Within the past four to five months, 10-year Treasury yields have jumped by 140 bps, and 10-year TIPS real yields have shot up by almost 190 bps. Most observers attribute this huge repricing in the Treasury bond market to the anticipation of a sooner-than-expected tapering of the Fed's Quantitative Easing bond purchases, and the rise in short-term rates that will inevitably follow. While that's a fair description of what's happened to market psychology, the more important driver of higher yields is simply the fact that the economic fundamentals have improved considerably.
The above chart shows my interpretation of the intrinsic value of 10-year TIPS. Real yields that are guaranteed by the U.S. government are a very special animal: Nowhere else can you find a fail-safe real return on your money. When real yields were deep in negative territory not too long ago, it was a sign that investors were so worried about the prospects for the economy (and the real profits to be found in alternative investments) that they were willing to forgo any chance of a positive real return. TIPS became extremely expensive because fear was rampant. Now TIPS are approaching what might be considered "fair value" territory. Investors' fears are subsiding, and confidence in the future is returning. This is extremely important because one of the hallmarks of this recovery has been a lack of confidence.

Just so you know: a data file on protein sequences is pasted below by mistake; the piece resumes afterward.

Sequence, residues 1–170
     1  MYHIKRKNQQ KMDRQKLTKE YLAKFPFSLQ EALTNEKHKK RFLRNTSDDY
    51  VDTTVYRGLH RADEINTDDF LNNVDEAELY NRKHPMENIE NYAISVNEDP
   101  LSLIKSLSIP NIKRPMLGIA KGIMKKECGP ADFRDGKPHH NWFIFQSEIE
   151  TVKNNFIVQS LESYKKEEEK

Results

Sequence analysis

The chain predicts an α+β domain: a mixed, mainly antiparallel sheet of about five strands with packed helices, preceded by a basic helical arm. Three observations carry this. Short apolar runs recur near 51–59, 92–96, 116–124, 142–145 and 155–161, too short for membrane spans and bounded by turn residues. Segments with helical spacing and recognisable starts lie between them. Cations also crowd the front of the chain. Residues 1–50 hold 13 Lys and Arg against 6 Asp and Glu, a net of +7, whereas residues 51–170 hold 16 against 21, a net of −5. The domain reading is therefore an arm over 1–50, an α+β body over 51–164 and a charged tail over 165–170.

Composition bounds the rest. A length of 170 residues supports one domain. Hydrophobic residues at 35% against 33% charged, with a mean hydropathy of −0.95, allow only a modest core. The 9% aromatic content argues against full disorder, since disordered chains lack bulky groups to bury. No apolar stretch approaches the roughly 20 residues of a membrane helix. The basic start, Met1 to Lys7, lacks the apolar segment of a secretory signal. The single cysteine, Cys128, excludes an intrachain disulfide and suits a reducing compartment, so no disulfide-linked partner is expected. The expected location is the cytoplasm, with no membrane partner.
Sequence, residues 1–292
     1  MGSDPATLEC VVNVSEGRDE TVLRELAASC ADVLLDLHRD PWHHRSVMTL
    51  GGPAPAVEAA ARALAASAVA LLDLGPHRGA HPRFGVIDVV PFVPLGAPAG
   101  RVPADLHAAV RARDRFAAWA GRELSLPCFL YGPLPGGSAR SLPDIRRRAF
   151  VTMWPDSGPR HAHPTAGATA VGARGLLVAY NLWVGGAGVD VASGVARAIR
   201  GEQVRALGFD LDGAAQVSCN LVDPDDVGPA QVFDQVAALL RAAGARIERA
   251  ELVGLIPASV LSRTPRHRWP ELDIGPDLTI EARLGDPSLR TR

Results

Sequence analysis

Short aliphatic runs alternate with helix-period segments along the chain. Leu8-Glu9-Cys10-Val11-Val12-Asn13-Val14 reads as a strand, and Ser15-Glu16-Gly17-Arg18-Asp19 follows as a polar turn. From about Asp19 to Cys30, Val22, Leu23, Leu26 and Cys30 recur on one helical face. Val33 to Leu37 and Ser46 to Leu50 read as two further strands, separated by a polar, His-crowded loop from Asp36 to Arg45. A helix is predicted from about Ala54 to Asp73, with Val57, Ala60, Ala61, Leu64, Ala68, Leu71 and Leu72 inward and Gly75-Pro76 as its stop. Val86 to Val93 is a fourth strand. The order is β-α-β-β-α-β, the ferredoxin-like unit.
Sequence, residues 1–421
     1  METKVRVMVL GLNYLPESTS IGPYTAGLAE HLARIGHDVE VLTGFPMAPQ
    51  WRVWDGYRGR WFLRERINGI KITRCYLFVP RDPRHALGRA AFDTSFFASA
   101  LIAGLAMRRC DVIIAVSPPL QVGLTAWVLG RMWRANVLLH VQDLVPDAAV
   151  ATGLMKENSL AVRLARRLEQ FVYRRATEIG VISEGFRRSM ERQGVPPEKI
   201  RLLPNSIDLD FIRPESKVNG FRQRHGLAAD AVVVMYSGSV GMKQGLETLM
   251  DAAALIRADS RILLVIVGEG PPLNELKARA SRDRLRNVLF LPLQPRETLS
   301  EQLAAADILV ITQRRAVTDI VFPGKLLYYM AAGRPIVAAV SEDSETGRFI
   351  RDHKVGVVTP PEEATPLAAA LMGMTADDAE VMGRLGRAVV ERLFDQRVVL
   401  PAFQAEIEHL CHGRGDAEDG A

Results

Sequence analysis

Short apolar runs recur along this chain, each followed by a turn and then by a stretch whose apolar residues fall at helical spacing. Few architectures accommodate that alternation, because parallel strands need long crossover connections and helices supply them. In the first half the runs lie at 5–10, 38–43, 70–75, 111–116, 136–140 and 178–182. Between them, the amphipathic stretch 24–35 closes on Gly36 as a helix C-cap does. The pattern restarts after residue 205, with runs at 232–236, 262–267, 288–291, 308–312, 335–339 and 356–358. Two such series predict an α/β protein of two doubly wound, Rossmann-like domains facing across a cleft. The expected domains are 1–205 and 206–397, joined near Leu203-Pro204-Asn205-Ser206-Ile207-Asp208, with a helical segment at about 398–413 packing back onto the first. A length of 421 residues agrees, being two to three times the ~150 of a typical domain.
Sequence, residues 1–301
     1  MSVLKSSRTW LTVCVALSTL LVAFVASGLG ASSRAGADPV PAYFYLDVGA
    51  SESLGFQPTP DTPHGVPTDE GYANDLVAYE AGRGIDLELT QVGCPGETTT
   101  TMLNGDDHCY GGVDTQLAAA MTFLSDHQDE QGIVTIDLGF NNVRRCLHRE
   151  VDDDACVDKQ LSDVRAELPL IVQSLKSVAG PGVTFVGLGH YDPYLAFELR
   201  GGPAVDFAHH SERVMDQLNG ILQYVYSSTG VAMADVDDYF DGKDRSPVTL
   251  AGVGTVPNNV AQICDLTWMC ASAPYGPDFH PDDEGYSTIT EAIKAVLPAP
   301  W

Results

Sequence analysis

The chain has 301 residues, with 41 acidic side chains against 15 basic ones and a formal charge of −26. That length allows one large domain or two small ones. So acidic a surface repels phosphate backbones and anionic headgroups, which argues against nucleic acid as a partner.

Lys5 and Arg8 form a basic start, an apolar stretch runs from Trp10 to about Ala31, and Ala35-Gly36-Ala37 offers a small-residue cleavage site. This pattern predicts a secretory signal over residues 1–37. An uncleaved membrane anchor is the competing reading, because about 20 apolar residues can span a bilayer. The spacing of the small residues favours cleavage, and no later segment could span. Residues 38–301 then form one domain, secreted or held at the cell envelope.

The chart above compares the real yield on five-year TIPS to the growth rate of the U.S. economy. Normally, the two ought to bear some resemblance to each other. When the economy was booming in the late 1990s, real yields were 4% because they had to compete with the very strong real returns that investors expected from alternative investments. Today, real yields are returning to levels that suggest the market now believes the economy can grow by 2% a year. That's hardly impressive, but it is a lot better than zero.